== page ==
It’s something I’m constantly trying to work out a better way of achieving after I had a couple of operations on my neck 18 months ago requiring nearly 90 stitches, leaving me weaker that side and resulting in difficulty lifting heavy objects, particularly if they’re an awkward shape.

Our local supplier will help me into the hallway but because of Covid restrictions he’s not allowed further. That might change and the biscuits will be on standby!

Even if he could, it’s then a number of tight turns through the house, up a number of steps through the back garden (no rear access) and a distance of around 60m.

I’ve used the plastic grippers that go both under the board and grab from the top. Both work in their own fashion but the former can damage the edge and both still knacker my neck.

I’ve made a couple of versions of the dolly and they work for a bit but don’t help with tight turns in narrow areas or steps.

I’m considering asking the suppliers to make most of my larger cuts for me to at least make them easier to handle but it’s not ideal and I don’t want to rely on that method through past experiences with inaccuracies and damage.

During the summer months or non rainy days (ha ha!) I can at least make cuts with the track saw on the drive to break them down.

It’s not the biggest issue the world is facing, but given what we do, it’s all about making things easier for ourselves and working safely and for longer with minimal impact on health.

I hope you find the Holy Grail of solutions as if you do, I’m nicking it for my own use 👍😉.
 

francovendee

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At the very least get hold of a sheet / plaster board lifter. The Roughneck plastic one will do the job and is usually under a tenner. There are going to be times where you need to move sheets without the ability to dolly it. Makes a difference in that circumstance at least.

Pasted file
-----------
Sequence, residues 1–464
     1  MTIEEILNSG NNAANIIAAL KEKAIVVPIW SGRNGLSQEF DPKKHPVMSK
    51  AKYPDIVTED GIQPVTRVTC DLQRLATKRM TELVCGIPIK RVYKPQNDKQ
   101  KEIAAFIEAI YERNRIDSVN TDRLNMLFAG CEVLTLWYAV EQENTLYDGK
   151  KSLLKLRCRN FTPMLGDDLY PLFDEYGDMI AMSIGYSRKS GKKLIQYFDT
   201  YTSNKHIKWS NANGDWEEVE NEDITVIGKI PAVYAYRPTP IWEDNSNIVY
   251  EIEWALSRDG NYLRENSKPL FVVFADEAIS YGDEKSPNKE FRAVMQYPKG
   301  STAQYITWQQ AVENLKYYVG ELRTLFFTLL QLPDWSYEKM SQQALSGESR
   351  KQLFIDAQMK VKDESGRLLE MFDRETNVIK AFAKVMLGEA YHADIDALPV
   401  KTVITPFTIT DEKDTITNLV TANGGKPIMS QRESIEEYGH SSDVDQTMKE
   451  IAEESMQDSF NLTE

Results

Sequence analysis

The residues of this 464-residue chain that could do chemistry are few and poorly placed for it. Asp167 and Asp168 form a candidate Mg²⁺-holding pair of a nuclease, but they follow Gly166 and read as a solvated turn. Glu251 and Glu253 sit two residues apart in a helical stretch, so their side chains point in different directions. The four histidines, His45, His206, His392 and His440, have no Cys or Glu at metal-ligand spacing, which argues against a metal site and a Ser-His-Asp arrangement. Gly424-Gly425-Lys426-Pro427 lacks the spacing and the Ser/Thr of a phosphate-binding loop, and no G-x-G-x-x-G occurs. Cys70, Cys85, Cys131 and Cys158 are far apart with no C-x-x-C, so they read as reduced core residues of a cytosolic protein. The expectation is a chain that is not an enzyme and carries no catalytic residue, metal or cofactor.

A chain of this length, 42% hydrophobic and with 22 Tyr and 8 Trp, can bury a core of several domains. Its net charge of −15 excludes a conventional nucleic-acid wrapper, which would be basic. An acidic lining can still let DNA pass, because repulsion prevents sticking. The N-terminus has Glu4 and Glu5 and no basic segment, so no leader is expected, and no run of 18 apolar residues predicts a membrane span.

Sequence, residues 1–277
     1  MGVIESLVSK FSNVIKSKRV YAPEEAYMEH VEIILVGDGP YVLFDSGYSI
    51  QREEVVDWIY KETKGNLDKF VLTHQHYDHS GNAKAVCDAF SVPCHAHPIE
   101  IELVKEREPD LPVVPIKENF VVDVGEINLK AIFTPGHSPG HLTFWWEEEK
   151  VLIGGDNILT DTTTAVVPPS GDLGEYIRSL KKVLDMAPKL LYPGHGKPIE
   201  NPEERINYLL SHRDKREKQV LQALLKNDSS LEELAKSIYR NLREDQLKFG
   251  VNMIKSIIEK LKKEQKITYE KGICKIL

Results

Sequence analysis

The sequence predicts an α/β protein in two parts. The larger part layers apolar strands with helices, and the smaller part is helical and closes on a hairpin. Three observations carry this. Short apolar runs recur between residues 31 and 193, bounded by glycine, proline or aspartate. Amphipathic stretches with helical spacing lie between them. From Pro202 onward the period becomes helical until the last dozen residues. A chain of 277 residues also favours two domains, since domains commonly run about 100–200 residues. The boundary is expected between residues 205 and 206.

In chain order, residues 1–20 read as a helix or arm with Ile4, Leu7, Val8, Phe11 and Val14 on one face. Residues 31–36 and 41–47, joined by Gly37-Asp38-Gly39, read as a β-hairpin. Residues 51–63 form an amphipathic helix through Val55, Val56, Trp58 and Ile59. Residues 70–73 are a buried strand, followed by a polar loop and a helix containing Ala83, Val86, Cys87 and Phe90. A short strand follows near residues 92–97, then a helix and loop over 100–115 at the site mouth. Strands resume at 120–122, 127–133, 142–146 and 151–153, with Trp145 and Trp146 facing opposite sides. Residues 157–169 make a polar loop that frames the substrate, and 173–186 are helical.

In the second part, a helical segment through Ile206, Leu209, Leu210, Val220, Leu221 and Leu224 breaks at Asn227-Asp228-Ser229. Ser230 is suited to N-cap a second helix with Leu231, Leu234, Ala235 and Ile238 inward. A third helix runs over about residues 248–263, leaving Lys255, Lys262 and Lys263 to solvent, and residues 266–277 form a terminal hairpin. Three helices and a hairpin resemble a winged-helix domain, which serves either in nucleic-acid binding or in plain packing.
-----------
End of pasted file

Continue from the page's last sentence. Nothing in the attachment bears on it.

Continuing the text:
I used one when lining the wall of my house. Even using this I found it a strain on my shoulders and back. I was working alone so has little choice. The added problem was the plasterboard was quite fragile and I did damage a few getting them through doorways.
 

Jonm

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This YouTube video is useful for showing how to easily get the ply sheet onto the bench. He has a purpose built hook attached to the bench. From minute 1.43 shows it.
 

shed9

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I used one when lining the wall of my house. Even using this I found it a strain on my shoulders and back. I was working alone so has little choice. The added problem was the plasterboard was quite fragile and I did damage a few getting them through doorways.
It's always going to be a strain if you are still lifting without mechanised assistance but anything that gives an advantage is better than none. Also plasterboard is always going to be fragile if the edges get caught anyhow.

There are other lifters and variants of the cheap plastic ones as well. It's just finding what works for you, that center of balance and sufficient room to work / move within.
 

Sheptonphil

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I had 40 sheets of plasterboard to shift fifty feet from delivery to worksite last year. It was over rough ground and unmade pathways.
I purchased this carrier, and found it incredibly easy to lift from flat, carry and stack all the sheets in an hour. The boards were acoustic plasterboard and fireline, so twice as heavy per sheet than normal boards.
I still use it now when shifting any sheet goods over half a sheet.
37FB13D2-58C4-41FF-98CE-D2AFFF457235.jpeg